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Losing out on loss of bargain when terminating in reliance upon contractual rights

In the wake of the Carillion insolvency, many sub-contractors are likely to be investigating their rights to terminate their contracts with a now defunct main contractor. Looking for a clean break, they may be tempted by the explicit termination rights that standard form building contracts often contain, and that may be deployed in the event of main contractor insolvency.

On the surface, terminating appears as simple as writing to the liquidator citing the relevant provision, and declaring the contract to be at an end. However, a potential trap awaits the unwary. Unwitting sub-contractors may inadvertently forfeit any right to claim loss of bargain damages, that is, the loss of profits that would have been made had the contract carried through to completion. This is potentially a highly lucrative right, particularly if the sub-contractor is at the start of a multi-year project that was expected to generate significant future earnings.

This result arises from the case of Phones 4U Ltd (in administration) v EE Ltd

Phones 4U Ltd (in administration) v EE Ltd

In Phones 4U Ltd (in administration) v EE Ltd, the relationship between the parties was governed by a Trading Agreement, under which Phones 4U would retail mobile phone contracts and services provided by EE. After Phones 4U resolved to appoint administrators, EE wrote to Phones 4U terminating the Trading Agreement. In its termination letter, EE referred to clause 14.1.2 of the Trading Agreement, which entitled either party to terminate:

“… if the other party is unable to pay its debts… or takes any steps… to: appoints [sic] an administrator, receiver or manager over all of any part of that other party’s business undertakings or assets.”

Phones 4U brought a claim against EE for significant sums due in respect of EE contracts that had been sold prior to termination. EE counterclaimed, alleging that Phones 4U’s cessation of trading amounted to a repudiatory breach of contract, and seeking damages for the loss of bargain thereby caused.

Phones 4U sought (and obtained) summary judgment on EE’s counterclaim. The court accepted that, having terminated the contract by reference to a contractual right, it did not remain open to EE to claim damages for loss of bargain. Giving judgment, Andrew Baker J said:

“The loss of bargain damages claim requires EE to show that the termination of the contract, which created the loss of bargain, resulted from the repudiatory breach or renunciation by Phones 4U that it is presently to be assumed EE might prove at trial. That in turn requires EE to show that the contract was terminated by its exercise of its common law right to terminate for that breach, respectively that renunciation… If, as Phones 4U says, EE’s termination letter communicated only a termination under clause 14.1.2 independent of the repudiatory breach or renunciation now alleged, then the contract was not terminated at common law for repudiation. That it could have been so terminated (if EE makes good its allegation of repudiation) cannot be used to re-characterise the facts.”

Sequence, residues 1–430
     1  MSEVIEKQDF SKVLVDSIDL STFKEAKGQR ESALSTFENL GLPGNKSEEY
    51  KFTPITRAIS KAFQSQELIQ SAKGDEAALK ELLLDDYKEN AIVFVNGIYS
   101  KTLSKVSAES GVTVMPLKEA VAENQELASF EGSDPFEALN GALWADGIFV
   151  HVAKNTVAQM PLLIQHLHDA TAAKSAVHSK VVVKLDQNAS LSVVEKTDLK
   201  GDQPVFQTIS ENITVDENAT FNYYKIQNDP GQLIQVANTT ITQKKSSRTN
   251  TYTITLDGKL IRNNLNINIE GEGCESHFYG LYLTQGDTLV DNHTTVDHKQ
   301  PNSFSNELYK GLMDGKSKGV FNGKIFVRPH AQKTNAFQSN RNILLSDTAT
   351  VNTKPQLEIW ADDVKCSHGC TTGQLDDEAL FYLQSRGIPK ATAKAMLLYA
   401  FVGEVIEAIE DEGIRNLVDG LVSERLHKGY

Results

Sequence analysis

What makes this result particularly surprising is that EE’s termination letter included the following very broad wording reserving its rights as regards other remedies available for breach etc:

“Nothing in this notice shall be construed as a waiver of any rights EE may have with respect to the agreement…  Without limiting the generality of the previous sentence, nothing herein shall be deemed to constitute a waiver of any default or termination event, and EE hereby reserves all rights and remedies it may have under the agreement…”

This wording, it was held, is beside the point. The fact that EE reserved its rights in respect of other breaches does not mean that it has exercised them. In fact, it negates any such suggestion. Termination for breach is an essential element of the loss of bargain claim: once the contract had been terminated for some other reason, EE could not:

“… re-characterise the events after the fact and claim that it terminated for breach when that is simply not what it did. Nor can it say that it treated Phones 4U’s renunciation (as now alleged) as bringing the contract to an end when that, again, is just not what actually happened.”

What does this mean for sub-contractors considering terminating contracts with insolvent main contractors?

If there is potential for a significant loss of bargain claim arising from future breaches, it may be preferable to “wait and see” rather than rushing to terminate the contract.

If a contract is to be terminated, careful consideration should be given to the basis on which this is to be done, and what rights might be foregone as a result. In particular, parties should not simply rely on broad position-reserving statements, as these may not ultimately afford the protection of rights that they appear to give.

Hardwicke Simon Kerry

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